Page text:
A persona is just an imaginary person who possesses the qualities of your ideal target customer. It’s incredibly helpful to have one for content creation.

Why? Because it’s easier to write for your persona rather than a faceless, nameless audience of random people.

You can develop one based on what you know about your audience right now. (You can always refine it later if you need to .)

  1. Gather the data you already have on your existing customers. What are major trends?
  2. Go ahead and make some assumptions about your targets. Who do you think your brand appeals to?
  3. Get specific. Identify gender, age, occupation, marital status, location, salary, and level of education for your persona.
  4. Get psychological. What is their personality? What do they love/hate? What are their goals/personal challenges?

Here’s a good example of a buyer persona from Neil Patel:

3. Do Initial Keyword Research

To drive organic (i.e. non-paid) traffic to your brand website, you need search engine optimization.

To get the best results with SEO, you need the right keywords. These should be:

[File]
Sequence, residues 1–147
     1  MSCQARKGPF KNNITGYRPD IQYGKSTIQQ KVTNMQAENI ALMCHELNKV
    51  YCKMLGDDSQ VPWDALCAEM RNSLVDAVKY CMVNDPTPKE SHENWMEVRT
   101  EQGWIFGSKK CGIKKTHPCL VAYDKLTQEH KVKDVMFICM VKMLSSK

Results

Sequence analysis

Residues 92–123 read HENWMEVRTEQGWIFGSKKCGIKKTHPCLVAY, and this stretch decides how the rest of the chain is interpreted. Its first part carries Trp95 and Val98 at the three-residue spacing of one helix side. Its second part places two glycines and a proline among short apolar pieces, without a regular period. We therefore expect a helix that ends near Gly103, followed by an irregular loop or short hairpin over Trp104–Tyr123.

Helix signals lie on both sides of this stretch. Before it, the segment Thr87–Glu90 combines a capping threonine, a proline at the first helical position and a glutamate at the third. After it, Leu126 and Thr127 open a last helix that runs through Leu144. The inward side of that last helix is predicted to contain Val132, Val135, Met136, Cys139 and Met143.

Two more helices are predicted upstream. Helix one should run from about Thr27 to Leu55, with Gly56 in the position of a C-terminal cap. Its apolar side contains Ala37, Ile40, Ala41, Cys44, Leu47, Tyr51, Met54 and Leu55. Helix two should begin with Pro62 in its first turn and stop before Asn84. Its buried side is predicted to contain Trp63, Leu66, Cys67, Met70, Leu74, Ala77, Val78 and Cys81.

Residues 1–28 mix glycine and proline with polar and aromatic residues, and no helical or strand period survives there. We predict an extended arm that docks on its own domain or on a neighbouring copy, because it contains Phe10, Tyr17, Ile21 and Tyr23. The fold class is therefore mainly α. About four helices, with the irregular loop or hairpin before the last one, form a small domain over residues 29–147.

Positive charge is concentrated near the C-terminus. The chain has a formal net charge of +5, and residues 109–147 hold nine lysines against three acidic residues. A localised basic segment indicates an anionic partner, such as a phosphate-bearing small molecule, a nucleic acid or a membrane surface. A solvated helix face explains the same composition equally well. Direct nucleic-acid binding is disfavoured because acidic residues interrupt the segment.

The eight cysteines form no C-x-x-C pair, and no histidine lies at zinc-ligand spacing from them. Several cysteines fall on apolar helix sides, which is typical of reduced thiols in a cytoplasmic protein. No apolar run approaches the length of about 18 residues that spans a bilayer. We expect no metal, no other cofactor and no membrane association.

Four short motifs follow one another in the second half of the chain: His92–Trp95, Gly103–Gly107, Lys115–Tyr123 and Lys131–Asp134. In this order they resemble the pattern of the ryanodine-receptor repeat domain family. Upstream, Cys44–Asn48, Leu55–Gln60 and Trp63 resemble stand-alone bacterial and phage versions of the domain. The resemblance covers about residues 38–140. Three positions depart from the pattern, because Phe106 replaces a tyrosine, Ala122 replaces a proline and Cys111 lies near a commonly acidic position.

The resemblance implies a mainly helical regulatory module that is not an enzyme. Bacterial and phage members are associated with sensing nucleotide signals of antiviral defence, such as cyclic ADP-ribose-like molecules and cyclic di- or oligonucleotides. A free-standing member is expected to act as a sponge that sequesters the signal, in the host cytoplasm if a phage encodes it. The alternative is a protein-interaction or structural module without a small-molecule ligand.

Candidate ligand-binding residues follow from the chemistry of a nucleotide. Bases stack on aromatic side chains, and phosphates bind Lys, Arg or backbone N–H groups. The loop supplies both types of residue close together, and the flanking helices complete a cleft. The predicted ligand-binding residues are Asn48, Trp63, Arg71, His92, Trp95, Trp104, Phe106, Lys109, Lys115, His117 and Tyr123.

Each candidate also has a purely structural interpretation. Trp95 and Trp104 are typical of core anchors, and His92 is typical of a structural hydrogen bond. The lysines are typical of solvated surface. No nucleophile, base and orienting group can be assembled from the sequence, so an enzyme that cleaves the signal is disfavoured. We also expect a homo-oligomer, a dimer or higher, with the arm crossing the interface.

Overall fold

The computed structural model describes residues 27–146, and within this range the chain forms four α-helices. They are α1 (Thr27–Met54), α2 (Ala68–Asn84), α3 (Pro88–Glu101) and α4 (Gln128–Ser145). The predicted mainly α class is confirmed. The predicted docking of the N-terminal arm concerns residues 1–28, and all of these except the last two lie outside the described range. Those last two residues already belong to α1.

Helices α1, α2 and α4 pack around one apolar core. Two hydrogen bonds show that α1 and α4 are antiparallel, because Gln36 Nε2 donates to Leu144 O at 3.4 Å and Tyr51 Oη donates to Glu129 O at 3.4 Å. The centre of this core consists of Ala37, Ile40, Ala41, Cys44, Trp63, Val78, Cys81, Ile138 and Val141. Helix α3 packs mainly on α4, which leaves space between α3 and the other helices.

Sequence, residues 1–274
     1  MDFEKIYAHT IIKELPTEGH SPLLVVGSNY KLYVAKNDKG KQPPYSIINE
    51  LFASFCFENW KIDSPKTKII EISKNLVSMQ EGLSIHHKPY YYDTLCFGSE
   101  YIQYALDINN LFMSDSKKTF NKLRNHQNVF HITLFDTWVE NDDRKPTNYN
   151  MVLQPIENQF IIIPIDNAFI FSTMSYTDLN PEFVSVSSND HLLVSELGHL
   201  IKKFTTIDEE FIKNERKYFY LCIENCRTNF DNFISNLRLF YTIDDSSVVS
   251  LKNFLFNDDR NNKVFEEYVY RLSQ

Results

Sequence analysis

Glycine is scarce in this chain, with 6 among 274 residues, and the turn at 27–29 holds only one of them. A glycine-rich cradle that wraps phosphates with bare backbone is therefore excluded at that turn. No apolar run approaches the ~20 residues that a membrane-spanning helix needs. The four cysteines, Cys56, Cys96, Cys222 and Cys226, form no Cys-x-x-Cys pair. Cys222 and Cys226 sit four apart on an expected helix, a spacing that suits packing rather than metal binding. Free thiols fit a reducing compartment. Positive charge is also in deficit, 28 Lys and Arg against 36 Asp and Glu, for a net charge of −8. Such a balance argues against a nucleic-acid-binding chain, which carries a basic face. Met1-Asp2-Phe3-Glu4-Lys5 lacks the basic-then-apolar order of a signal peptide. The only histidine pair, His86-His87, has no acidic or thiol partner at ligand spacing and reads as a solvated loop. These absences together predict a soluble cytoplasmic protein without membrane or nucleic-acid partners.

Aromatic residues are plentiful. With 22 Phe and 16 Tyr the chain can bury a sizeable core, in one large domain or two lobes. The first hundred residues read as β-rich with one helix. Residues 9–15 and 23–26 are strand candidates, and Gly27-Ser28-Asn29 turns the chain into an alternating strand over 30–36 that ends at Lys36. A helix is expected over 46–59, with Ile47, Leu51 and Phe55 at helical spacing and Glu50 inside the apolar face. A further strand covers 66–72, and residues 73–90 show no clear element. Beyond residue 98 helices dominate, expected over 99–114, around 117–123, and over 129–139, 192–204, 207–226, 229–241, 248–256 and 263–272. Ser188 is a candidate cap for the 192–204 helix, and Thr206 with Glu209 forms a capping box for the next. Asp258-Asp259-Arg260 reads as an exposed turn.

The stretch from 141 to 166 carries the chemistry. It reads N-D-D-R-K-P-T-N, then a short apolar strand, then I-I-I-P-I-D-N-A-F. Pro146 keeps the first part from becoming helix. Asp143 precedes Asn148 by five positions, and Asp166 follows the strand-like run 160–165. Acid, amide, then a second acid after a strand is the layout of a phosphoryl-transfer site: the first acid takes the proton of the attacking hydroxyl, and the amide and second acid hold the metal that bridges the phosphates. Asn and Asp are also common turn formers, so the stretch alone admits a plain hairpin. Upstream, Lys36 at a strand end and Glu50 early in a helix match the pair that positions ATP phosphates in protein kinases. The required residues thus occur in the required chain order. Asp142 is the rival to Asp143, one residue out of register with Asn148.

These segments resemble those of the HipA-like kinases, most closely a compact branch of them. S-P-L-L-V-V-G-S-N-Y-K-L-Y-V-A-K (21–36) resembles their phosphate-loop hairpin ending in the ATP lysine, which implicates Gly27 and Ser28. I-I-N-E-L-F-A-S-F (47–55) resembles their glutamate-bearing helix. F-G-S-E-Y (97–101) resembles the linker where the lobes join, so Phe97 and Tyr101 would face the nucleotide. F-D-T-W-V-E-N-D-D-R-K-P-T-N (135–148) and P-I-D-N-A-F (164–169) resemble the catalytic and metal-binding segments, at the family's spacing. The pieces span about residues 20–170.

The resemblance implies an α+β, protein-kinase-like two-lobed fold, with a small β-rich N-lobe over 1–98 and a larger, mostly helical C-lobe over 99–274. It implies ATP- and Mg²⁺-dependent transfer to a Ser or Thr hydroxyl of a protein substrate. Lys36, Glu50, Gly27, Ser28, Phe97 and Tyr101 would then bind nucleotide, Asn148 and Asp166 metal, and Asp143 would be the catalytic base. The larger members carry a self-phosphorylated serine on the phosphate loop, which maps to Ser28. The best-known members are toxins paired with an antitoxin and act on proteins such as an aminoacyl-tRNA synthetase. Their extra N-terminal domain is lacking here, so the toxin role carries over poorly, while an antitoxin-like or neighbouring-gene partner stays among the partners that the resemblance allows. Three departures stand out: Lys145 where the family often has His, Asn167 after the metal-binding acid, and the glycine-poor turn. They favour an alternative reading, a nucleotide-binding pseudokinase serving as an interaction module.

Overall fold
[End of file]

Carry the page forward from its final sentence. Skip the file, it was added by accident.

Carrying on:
• Targeted for user intent

    Think about the keywords your audience persona might use to search for what you offer. Don’t forget: Your target will use different sets of keywords depending on where they are in the buyer’s journey. The longer the keyword phrase, the closer they are to whipping out their credit card.

  • Strategically chosen for ranking opportunity

    You’ll never rank for a broad keyword that has a humongous search volume. Instead, look for long tail keywords with a low keyword difficulty. Don’t enter a keyword race where you can’t compete.

Here’s an example using the Moz Keyword Explorer. Let’s say my business sells ice cream.

I definitely can’t rank for “ice cream”:

What’s another keyword my target persona might use?

As I continue to search for variations of this keyword, I could probably find even better terms to use that hit the right balance between difficulty and monthly search volume.

Use your favorite keyword tool (like SEMrush, Keyword Tool, or Moz Keyword Explorer) and spend some time digging for best results.

4. Research Your Competition

Once you have some solid keywords in hand, it’s the perfect opportunity to check out your competition.

To see who’s ranking for a specific keyword, do a basic Google search and click on a few of the top links. Look at:

  • Their website
  • Their blog
  • How often they’re blogging
  • Which topics they’re blogging about
  • The blog that’s ranking for your particular keyword, including its quality, comprehensiveness, and usefulness